Saturday, June 11, 2016

Legislature should move on teacher tenure reform - San Francisco Chronicle

Legislature should move on teacher tenure reform - San Francisco Chronicle:

Legislature should move on teacher tenure reform

Assemblywoman Susan Bonilla seeks common ground on education reform. Photo: Rich Pedroncelli, Associated Press
Assemblywoman Susan Bonilla seeks common ground on education reform.

Vergara vs. State of California, the legal challenge to California’s highly contested teacher tenure and seniority laws, continues to wind its way through the courts. The California Supreme Court needs to make the final call about the detrimental impact of these laws on California’s most disadvantaged students. But California’s students can’t wait, which is why we’re encouraged that state Assemblywoman Susan Bonilla, D-Concord, is taking action now.
Bonilla’s bill, AB934, is a careful and comprehensive reform of the teacher tenure system. A former teacher herself, Bonilla said in a Chronicle editorial meeting that she’s “not interested in blowing up public education.”
Indeed, the centerpiece of AB934 is an innovative teacher support and coaching program that’s already been proved successful.
Called peer assistance review, it would require districts to provide struggling teachers with high-quality coaching and development programs, and AB934 would make it mandatory for every school district.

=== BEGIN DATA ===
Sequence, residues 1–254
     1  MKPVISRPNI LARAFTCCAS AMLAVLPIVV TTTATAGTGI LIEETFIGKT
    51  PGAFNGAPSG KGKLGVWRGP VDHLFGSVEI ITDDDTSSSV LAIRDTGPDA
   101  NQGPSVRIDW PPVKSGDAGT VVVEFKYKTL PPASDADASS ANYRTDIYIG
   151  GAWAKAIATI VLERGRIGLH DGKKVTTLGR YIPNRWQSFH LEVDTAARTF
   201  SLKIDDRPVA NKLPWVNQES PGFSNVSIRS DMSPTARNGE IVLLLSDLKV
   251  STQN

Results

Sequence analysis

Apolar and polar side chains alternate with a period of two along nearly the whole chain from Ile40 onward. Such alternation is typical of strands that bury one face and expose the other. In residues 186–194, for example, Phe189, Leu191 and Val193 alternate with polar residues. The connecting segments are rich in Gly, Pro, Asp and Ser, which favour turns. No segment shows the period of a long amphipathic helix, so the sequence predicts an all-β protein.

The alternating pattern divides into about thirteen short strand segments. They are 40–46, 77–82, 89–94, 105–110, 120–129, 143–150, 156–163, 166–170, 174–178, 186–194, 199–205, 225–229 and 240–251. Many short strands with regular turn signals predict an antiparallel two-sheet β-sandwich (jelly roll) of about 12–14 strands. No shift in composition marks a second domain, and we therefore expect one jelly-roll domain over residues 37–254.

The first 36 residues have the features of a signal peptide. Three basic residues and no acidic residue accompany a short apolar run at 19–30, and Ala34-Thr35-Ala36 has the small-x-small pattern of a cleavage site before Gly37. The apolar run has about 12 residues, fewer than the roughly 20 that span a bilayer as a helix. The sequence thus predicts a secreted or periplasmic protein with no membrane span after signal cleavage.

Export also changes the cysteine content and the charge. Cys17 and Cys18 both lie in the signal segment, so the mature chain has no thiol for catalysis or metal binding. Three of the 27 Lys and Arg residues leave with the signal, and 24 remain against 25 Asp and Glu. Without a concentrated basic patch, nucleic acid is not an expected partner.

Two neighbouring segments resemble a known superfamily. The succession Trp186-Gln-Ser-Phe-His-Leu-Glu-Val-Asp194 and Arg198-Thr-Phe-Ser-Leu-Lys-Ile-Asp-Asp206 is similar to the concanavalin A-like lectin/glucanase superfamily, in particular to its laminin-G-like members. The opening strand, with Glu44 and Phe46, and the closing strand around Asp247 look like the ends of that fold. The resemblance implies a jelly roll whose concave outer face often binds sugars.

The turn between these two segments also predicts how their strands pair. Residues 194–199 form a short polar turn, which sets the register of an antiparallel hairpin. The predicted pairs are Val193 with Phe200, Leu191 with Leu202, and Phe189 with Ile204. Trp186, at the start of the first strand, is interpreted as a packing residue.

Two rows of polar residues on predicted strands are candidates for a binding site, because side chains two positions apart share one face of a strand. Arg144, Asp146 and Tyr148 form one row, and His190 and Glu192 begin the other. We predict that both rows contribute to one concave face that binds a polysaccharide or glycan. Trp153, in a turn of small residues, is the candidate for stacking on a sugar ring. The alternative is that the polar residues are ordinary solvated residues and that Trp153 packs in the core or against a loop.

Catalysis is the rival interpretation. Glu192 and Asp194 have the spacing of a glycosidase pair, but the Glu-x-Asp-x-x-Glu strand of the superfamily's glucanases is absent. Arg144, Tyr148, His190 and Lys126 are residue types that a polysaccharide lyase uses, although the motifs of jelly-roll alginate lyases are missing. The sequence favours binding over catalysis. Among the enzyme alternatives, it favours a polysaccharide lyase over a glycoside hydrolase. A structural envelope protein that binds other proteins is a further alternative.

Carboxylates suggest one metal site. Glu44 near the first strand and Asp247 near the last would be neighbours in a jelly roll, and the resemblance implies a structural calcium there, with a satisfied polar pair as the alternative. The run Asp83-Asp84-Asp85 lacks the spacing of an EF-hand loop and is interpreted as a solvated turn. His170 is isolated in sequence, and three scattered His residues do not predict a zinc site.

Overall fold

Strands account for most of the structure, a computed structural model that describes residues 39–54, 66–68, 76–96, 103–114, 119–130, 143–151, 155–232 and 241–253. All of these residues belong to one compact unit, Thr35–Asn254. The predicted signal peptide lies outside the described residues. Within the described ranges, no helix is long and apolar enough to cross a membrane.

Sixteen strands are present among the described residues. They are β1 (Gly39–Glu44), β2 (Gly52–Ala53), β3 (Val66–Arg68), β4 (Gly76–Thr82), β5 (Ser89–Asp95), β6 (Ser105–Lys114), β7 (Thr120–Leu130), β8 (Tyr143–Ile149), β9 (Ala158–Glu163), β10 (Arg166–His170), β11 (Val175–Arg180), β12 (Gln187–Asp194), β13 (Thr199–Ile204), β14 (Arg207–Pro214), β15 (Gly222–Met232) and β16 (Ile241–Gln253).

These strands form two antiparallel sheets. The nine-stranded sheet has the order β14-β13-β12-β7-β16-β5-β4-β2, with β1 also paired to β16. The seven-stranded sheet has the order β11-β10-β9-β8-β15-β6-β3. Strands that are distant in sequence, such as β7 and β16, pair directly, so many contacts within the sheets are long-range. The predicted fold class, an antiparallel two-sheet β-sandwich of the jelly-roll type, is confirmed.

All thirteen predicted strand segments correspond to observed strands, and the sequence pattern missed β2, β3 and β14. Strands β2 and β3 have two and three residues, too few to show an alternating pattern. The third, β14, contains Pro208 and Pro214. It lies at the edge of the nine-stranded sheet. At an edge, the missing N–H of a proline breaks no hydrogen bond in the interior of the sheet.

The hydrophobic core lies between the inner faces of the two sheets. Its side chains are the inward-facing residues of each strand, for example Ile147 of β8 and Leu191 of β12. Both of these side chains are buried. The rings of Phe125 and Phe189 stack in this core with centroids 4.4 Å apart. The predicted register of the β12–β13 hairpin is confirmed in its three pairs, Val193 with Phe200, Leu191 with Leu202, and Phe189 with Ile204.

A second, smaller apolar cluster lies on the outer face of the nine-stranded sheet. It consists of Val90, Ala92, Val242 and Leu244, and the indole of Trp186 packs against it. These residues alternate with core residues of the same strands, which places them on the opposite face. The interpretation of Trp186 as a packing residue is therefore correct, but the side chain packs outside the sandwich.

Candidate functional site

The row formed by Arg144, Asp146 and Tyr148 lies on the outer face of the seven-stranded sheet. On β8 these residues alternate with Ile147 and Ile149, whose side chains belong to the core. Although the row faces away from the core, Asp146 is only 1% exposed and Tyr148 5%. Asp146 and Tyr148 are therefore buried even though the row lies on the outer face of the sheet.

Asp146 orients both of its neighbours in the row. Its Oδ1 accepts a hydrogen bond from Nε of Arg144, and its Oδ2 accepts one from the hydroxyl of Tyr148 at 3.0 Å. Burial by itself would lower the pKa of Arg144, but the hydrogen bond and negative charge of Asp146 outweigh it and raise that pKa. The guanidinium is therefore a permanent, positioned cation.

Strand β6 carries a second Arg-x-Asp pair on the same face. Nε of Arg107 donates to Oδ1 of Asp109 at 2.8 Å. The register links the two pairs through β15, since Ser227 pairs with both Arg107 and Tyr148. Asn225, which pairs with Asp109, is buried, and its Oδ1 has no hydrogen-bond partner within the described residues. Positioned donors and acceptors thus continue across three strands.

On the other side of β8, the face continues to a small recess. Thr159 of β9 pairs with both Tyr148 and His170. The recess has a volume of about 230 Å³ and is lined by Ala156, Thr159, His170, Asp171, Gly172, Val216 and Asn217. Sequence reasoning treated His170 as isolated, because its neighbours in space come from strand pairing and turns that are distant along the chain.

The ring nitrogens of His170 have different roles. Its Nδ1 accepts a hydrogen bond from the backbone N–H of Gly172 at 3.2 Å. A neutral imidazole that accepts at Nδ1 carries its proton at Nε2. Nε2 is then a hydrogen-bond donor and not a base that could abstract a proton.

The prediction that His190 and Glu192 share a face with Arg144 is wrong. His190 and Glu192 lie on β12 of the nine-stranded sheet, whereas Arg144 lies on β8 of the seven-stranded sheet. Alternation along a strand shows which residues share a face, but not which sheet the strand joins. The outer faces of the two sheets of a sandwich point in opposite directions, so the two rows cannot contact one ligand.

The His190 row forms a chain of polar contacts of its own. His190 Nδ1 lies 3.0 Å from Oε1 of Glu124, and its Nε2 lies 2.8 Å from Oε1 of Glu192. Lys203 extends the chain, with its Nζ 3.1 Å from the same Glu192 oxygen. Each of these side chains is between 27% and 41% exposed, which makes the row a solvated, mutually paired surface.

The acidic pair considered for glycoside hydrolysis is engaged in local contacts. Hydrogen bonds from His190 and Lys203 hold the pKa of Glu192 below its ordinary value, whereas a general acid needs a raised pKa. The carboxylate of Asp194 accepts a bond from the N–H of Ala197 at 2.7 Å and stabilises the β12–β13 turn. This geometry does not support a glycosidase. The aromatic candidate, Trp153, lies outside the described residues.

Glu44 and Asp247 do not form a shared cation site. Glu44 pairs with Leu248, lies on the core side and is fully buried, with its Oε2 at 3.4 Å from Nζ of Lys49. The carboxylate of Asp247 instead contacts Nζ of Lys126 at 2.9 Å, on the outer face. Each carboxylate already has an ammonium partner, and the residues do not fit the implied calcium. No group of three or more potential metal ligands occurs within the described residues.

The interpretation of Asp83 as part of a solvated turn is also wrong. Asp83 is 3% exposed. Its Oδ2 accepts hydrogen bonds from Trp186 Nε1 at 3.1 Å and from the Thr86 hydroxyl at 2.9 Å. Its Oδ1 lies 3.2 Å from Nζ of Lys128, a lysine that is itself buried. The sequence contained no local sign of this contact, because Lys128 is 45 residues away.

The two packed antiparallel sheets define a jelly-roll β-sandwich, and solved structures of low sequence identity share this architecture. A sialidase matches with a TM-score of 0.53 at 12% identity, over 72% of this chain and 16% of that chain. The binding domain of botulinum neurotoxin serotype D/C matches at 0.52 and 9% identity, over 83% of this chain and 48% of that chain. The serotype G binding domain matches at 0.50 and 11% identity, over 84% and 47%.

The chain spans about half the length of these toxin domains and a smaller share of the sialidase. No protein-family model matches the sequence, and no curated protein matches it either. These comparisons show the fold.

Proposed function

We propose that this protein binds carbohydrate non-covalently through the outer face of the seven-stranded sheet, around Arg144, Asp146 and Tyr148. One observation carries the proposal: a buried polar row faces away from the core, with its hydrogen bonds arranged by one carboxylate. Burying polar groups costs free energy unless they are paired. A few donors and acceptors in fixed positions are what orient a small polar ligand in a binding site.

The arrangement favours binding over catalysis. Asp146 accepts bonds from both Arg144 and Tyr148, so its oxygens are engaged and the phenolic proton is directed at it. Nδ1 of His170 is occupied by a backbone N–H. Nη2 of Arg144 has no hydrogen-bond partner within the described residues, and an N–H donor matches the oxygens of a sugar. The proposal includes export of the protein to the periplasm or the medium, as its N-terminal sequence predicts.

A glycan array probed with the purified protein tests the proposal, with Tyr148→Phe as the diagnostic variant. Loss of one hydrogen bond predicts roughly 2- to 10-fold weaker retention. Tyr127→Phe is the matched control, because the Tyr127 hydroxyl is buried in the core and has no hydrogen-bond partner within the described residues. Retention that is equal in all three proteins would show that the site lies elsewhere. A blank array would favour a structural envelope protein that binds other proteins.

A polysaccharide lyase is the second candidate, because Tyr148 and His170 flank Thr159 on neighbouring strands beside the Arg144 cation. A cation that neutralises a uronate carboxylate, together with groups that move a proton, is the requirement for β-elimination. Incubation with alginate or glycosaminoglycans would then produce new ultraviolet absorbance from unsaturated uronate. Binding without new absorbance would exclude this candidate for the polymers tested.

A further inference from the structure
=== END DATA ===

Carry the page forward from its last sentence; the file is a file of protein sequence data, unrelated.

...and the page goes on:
“It provides what the teacher has been begging for, which is: support me,” Bonilla said.
AB934 would give teachers who have received unsatisfactory evaluations at least a year of support from the peer assistance review program. Only after offering teachers support and training would districts be allowed to dismiss those who remain ineffective in the classroom.
“I really do feel there’s a transformational possibility here,” Bonilla said. “Fixing this mechanism will bring relief to the whole system.”
As far as the dismissal process itself, AB934 doesn’t deny teachers due process — but it does bring some much-needed clarity and transparency to a system that’s long frustrated the public.
The new dismissal process requires binding arbitration, much like the process that’s currently used for other school district employees.
It requires an arbitrator’s decision within 60 days, to avoid an exhausting and never-ending dismissal process.
It also requires school districts to balance evaluations with seniority when it comes to teacher Legislature should move on teacher tenure reform - San Francisco Chronicle:


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